Saturday, March 05, 2011

Bull Run Powerhouse




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Today's adventure takes us back to the Bull Run River, last seen in our visit to the Bull Run River Bridge. I made the trek out to this old bridge because it was built with recycled parts of the original Burnside Bridge. And now this post will help explain why, a century ago, the city of Portland saw a need for a bridge way out here in the middle of nowhere. The key is this derelict building just downstream from the bridge. This is the historic Bull Run Powerhouse, a remnant of PGE's now-defunct Bull Run Hydroelectric Project. You might note there's no actual dam here; the dam was on an entirely different river, and water from it was piped underground to the powerhouse here. Meanwhile much of the Bull Run River's original water was, and still is, diverted away to be Portland's drinking water supply. Give solid practical reasons all you like, but I'm still going to believe civil engineers were just showing off when they designed that arrangement.

The photoset would probably be far more exciting if I'd managed to get inside somehow, but I didn't. I wasn't quite interested enough to try sneaking past the barbed wire fence around the place and the security cameras that might still be working. Plus it's been a while since my last tetanus shot. Plus I was there to see the bridge, and the powerhouse

What to do with the building? I haven't seen anyone propose this, but I can't possibly be the first person to see this building and think "McMenamins". They've become the default answer for preserving historic buildings, particularly weird and unwieldy ones. And they've already done at least one other power plant somewhere on their Edgefield campus, so clearly they're the experts on this sort of thing. I mean, beerwise I'd be happier if some other brewery took it over instead. A hotel of the non-brewing variety would be acceptable as well, in a pinch.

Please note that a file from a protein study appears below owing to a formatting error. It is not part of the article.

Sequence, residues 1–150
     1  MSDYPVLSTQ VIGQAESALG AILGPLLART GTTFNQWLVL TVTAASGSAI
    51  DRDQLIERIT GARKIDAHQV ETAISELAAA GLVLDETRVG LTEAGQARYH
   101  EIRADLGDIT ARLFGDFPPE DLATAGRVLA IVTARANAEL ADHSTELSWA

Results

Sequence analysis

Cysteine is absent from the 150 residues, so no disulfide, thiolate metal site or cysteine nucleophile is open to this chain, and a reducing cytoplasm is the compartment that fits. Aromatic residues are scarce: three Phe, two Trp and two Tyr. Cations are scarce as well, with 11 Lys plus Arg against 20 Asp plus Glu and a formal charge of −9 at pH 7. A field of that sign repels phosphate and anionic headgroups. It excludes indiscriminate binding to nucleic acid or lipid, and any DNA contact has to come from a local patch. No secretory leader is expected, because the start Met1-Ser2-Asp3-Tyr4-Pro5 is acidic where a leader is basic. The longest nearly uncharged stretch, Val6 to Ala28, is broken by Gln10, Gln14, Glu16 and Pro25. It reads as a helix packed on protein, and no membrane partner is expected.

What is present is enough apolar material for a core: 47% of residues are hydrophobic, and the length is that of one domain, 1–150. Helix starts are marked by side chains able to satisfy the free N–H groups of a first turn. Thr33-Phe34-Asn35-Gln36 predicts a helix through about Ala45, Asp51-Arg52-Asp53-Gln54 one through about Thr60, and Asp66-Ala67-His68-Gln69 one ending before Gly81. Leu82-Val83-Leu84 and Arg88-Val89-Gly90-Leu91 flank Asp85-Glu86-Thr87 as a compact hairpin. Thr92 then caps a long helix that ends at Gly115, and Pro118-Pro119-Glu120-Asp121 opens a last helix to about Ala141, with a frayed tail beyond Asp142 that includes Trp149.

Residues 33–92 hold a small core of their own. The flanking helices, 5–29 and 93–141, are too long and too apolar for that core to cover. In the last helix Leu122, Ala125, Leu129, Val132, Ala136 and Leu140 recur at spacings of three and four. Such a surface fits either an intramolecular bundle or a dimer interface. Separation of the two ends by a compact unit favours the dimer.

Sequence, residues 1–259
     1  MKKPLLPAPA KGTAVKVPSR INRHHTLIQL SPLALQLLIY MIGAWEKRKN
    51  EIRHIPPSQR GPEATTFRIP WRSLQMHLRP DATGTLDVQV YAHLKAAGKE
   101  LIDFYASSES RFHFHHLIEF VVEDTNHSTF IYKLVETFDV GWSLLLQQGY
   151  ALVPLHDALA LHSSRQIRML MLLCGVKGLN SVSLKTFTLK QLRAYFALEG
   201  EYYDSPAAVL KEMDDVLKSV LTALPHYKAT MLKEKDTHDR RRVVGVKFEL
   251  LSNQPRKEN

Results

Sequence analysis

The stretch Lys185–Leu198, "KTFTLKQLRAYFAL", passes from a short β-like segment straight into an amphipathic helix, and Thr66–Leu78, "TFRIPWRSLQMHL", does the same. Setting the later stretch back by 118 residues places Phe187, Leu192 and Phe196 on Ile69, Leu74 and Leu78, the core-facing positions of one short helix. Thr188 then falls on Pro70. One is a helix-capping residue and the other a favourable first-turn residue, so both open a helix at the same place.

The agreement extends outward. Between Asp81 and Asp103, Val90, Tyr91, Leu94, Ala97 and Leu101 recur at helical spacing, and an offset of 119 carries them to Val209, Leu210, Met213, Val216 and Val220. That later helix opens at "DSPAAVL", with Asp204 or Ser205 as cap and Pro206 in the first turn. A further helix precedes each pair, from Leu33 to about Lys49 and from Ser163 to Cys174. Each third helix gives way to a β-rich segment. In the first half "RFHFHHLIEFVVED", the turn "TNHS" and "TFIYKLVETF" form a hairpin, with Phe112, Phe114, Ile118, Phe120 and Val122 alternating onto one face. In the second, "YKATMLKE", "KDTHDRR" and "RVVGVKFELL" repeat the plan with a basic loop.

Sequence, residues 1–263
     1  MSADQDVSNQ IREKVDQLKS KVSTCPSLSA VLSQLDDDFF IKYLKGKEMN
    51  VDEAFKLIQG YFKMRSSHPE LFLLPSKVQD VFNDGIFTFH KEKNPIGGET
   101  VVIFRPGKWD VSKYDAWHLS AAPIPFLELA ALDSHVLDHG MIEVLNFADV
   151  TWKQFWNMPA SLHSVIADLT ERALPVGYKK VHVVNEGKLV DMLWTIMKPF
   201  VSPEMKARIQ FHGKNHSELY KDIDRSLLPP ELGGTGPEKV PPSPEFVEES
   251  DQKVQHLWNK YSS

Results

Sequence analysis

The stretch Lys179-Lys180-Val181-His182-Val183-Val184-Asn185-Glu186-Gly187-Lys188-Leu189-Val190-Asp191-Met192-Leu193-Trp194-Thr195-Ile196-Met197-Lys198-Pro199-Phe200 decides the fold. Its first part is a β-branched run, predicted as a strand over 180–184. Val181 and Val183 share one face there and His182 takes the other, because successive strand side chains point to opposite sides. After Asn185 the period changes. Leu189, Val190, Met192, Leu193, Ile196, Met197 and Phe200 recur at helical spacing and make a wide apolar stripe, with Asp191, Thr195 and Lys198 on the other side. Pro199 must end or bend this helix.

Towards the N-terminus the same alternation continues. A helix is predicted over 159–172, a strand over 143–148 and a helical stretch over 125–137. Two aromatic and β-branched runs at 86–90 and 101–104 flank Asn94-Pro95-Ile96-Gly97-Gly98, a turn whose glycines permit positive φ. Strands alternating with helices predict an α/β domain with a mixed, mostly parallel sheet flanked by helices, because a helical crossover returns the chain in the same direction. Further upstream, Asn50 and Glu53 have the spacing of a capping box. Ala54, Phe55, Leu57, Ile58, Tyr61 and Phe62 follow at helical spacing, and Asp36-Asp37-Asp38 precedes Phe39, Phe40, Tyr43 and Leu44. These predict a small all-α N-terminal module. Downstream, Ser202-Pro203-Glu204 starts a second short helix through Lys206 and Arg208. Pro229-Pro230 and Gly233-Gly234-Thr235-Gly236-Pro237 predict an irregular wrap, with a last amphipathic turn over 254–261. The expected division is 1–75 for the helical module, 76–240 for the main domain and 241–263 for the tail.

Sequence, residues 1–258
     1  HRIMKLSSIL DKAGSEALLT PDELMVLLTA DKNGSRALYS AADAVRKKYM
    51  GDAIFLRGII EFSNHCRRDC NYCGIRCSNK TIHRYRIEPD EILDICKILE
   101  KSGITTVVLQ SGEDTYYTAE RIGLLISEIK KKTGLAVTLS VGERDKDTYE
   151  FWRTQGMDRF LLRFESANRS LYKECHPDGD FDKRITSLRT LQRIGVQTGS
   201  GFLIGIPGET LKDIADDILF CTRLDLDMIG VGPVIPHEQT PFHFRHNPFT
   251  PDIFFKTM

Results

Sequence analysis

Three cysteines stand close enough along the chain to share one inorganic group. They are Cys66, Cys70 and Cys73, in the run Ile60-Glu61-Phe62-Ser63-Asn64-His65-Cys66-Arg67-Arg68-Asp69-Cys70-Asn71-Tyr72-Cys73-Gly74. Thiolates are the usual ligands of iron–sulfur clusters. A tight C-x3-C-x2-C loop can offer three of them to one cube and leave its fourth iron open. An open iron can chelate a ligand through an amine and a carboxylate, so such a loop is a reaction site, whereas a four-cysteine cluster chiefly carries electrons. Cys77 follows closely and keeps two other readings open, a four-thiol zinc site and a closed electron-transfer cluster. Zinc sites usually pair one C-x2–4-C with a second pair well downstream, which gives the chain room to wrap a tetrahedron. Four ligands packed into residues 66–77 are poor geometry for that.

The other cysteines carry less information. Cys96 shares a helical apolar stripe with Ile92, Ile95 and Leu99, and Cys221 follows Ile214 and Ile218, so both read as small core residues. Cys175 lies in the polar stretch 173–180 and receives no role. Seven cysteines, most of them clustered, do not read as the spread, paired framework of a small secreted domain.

This post has been floating around in the drafts folder for a while, primarily because I ended up with a big batch of varied and interesting links to pass along. Taking a pile of raw sources and building a semi-coherent blog post around them is always the hardest part, and I've been procrastinating about that for months and months now. So I think what I'm going to do this time is just sort the links into categories and let you, the Gentle Reader, explore as you see fit.

History
Preservation
Environment
Photos
  • Wikimedia photo showing the powerhouse from the bridge.
  • two photos of the river, much better than the ones you see here.
Other

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